The Ceridian-UCLA Pulse of Commerce Index, a real-time measure of the flow of goods to U.S. factories, retailers and consumers, fell 1.5 percent during the month of February.
Coupled with the 0.3 percent loss from January, this latest data eliminates the strong gain (1.8 percent) experienced in December 2010.
However, February marks the 15th straight month of year-over-year growth indicating that economic recovery, while fragile, remains under way.
The Ceridian-UCLA Pulse of Commerce Index is based on real-time diesel fuel consumption data for over the road trucking and serves as an indicator of the state and possible future direction of the U.S. economy.
By tracking the volume and location of fuel being purchased, the index closely monitors the over the road movement of raw materials, goods-in-process and finished goods to U.S. factories, retailers and consumers.
“The PCI performance in the first two months of this year suggests weakness in some parts of the economy,” states Ed Leamer, chief PCI economist and director of the UCLA Anderson Forecast.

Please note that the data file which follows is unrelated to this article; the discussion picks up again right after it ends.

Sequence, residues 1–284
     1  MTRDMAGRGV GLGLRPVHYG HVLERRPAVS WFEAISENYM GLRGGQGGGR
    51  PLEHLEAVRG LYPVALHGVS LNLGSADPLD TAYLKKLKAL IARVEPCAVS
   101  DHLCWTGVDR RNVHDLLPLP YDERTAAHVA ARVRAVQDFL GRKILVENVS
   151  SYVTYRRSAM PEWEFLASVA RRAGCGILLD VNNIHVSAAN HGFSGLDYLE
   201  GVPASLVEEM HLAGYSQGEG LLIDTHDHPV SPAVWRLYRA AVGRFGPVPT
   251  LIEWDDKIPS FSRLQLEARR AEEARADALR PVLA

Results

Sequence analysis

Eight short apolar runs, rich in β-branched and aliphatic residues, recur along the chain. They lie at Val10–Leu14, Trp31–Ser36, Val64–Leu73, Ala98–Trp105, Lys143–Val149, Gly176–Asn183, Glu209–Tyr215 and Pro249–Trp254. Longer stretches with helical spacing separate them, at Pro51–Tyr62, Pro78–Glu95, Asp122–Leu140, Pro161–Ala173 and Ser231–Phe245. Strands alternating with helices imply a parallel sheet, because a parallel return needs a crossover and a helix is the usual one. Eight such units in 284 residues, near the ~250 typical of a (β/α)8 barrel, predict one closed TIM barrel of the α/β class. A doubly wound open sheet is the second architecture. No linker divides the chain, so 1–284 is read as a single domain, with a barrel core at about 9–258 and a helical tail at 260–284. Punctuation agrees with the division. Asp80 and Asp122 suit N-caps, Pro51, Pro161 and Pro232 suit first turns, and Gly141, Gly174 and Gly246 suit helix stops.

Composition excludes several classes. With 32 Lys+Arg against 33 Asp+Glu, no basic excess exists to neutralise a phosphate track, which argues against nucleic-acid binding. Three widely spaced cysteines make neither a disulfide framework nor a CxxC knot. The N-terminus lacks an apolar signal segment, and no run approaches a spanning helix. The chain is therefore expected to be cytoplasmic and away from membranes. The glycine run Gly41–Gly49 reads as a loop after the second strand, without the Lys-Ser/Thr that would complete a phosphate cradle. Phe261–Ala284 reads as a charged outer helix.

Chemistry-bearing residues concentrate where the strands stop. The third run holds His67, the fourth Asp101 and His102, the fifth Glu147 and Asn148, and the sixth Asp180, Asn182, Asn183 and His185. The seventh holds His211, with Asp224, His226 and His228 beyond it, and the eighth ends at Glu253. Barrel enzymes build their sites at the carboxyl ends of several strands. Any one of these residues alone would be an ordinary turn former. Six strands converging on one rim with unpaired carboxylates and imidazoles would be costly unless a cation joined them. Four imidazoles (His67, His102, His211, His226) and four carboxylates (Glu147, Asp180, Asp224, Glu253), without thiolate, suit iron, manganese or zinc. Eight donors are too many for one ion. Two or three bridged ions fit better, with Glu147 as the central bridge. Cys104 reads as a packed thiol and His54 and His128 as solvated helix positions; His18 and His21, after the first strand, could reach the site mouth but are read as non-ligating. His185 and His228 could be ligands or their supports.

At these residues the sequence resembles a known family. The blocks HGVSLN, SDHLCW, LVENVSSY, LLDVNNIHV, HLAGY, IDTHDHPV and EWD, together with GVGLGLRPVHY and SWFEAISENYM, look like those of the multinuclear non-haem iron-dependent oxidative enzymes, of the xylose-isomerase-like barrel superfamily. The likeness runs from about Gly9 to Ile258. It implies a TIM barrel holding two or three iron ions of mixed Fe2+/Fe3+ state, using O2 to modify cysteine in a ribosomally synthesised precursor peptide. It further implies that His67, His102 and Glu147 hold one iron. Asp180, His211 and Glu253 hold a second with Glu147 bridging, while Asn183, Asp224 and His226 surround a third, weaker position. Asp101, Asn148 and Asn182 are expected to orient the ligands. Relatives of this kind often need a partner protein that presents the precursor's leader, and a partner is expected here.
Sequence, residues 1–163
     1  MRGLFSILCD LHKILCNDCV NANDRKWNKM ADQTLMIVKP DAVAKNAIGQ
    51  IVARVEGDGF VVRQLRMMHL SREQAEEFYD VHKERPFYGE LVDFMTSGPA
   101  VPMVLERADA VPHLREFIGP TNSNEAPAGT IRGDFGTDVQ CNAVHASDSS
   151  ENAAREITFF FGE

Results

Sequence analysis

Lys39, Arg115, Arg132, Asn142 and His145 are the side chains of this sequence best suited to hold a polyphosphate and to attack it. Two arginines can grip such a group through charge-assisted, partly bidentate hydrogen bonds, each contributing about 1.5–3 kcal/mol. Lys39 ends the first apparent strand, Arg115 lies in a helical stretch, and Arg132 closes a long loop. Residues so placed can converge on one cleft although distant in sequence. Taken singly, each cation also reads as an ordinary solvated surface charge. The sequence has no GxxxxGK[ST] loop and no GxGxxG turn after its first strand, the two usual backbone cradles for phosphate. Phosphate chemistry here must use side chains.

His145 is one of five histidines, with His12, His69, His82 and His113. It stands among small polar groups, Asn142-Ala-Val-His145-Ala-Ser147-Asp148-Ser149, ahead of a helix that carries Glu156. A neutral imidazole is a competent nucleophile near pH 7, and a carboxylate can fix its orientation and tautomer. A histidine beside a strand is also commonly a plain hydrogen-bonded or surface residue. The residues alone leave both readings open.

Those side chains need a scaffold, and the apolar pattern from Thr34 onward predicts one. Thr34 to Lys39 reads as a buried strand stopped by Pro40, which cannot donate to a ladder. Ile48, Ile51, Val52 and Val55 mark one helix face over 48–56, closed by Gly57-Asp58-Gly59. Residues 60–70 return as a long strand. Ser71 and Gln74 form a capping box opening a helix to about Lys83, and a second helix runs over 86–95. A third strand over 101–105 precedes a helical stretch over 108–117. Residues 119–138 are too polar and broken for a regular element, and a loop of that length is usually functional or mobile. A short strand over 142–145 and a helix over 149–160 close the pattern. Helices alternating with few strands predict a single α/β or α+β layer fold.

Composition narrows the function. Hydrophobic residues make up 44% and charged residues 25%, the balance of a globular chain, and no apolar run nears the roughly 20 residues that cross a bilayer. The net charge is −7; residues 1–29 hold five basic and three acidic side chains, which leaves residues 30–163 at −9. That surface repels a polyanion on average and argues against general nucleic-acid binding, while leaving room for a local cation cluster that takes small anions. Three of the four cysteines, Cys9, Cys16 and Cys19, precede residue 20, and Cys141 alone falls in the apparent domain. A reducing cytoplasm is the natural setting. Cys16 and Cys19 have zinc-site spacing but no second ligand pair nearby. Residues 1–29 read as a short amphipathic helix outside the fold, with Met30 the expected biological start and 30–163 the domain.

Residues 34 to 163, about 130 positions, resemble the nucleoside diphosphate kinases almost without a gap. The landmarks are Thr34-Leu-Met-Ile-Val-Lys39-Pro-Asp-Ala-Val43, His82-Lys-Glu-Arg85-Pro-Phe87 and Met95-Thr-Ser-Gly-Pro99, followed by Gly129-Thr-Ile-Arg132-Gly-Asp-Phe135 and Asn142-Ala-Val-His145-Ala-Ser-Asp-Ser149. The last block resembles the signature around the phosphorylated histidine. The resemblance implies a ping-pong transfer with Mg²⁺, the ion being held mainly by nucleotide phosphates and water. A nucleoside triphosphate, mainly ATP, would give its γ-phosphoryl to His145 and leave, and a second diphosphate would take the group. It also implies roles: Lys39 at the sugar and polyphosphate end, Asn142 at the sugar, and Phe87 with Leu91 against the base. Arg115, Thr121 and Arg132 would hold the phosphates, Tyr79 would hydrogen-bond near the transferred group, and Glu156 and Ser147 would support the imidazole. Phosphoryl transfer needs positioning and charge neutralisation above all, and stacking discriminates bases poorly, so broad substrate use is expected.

“Nevertheless, our outlook for 2011 is for continued economic recovery – we expect GDP to grow at the historically “normal” rate of 3 percent, accompanied by a persistent level of high unemployment.”
Over time, the PCI has shown a strong correlation with the government’s Industrial Production (IP) figures. For January, the PCI forecast of modest growth (.3 percent) was more positive than the Fed’s initial reported estimate of negative 0.6 percent.
For February 2011, the PCI estimates that IP will experience a slight decline of 0.02 percent when it is reported on March 17.
Similarly, relative weakness in the PCI over the first two months of this year suggests that GDP for the first quarter will come in below consensus, near the lower end of the range of current forecasts that range between 2 percent and 5.5 percent.
For the year, the index continues to suggest GDP growth sufficient to drive continued modest growth in employment but not back to the peak levels attained in late 2007.
“February’s spike in diesel fuel prices to well over $3 a gallon likely did not drive the weakness in the PCI this month,” explained Craig Manson, senior vice president and index expert for Ceridian.
“However, if the trend persists, higher prices will likely have an impact in the coming months as consumers are robbed of spending power. As a leading indicator for the goods producing segment of the economy, the PCI is sensitive to this dynamic and should provide early indications of direction and magnitude as higher fuel prices impact the broader economy.”
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